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Martyr’s Crossing

Martyr’s Crossing by Amy Wilentz, Simon & Schuster, $24.

A Palestinian mother tries to bring her sick toddler from the territories into Israel for medical help on a day when violence has prompted the Israelis to seal the border crossing. The Israeli soldier in charge hesitates, makes her wait, then disobeys orders and decides to let them through. But it is too late—Ibrahim dies at the checkpoint. His death triggers the plot of Martyr’s Crossing. Rooted in the thick of the Israeli/Palestinian conflict. Amy Wilentz has woven what might well be this morning’s headlines into a tense page-turner of a novel.

Ibrahim is the son of a Palestinian leader and suspected terrorist imprisoned in an Israeli jail. Doron, the Israeli soldier who was in charge at the checkpoint, defies his superiors and begins a treacherous personal quest to pay penance to the child’s mother Marina. Marina, born and raised in the United States, is pushed by her son’s death to rethink her commitment to live in Palestine as the wife of a Palestinian leader.

All the principals involved in the plot avoid simple stereotypes. Racked with guilt, the soldier Doron sympathizes with the Palestinians. Marina, who knows Doron did his best to help her child, refuses to divulge his name.

Instead of catapulting Marina into extremism, her child’s death fills her with ambiguities. “We all agree, but in the end, so what? What if we win? If you could establish a Utopia on earth at the expense of the eternal suffering of one child and its mother, even a Zionist child and its mother, then Marina did not want that Utopia.” As her child’s death becomes almost public property, Marina’s private grief is poignantly drawn: “She was washing Ibrahim’s clothes…His two blue jumpers, his blue jeans, the black sweatshirt with a Ninja Turtle on it…His bibs she had set aside because she couldn’t bear to wash them just yet, his bibs, and the foot pajamas that still gave off the sweet smell of the sleeping child.”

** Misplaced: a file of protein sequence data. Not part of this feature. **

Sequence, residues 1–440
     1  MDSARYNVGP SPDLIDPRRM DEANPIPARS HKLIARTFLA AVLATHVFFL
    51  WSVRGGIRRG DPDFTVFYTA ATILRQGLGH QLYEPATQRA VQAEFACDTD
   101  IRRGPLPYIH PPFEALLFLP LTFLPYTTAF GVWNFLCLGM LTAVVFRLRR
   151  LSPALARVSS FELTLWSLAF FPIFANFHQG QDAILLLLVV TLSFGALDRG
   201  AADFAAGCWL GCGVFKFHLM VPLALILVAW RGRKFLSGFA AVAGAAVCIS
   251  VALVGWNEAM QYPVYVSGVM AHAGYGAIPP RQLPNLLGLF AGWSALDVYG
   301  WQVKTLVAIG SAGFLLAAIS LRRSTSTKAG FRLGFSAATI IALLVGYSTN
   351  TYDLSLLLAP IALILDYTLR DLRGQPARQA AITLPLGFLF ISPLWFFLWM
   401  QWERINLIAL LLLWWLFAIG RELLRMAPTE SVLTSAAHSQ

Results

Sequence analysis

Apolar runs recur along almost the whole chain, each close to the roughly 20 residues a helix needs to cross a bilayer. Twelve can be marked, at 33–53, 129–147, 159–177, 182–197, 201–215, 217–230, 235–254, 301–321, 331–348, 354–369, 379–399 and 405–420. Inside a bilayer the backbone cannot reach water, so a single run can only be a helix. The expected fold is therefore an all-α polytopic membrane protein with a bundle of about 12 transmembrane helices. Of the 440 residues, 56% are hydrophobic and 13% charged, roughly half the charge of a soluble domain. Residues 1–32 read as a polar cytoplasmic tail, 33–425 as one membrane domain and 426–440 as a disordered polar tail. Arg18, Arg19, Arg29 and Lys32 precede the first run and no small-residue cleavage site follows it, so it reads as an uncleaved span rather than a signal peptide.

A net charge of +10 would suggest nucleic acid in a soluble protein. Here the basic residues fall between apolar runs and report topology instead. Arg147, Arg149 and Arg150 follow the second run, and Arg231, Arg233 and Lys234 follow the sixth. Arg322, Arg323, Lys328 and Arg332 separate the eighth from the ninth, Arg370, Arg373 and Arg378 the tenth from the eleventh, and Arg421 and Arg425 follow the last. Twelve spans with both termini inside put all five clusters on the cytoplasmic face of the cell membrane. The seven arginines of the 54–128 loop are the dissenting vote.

The “party hacks” of both Palestinians and Israelis, unsavory mirror images of each other, come off much worse than the sympathetic figures of Marina and Doron. The Palestinian is a corrupt politico who views the child’s death as a weapon for political manipulation. Doron’s single-minded commander is a cynical old-timer who believes in nothing but realpolitlk.

Wilentz, an American writer who lived in Israel for several years as a correspondent for The New Yorker, has an acute eye for the country’s details: “Doron hated the desert wind…it reminded you that .Jerusalem, with its McDonald’s and Burger Kings and nice red buses and nice red post offices and its nice green gardens…was actually right on the edge of an ancient desert where camels and cactuses and Bedouins were the only successful species.”

While rooting for Wilentz’ rich sympathetic characters, the reader knows all along that what began in tragedy cannot deliver a happy ending.

Helen Schary Motro an American lawyer and writer living in Israel, is a columnist for the Jerusalem Post.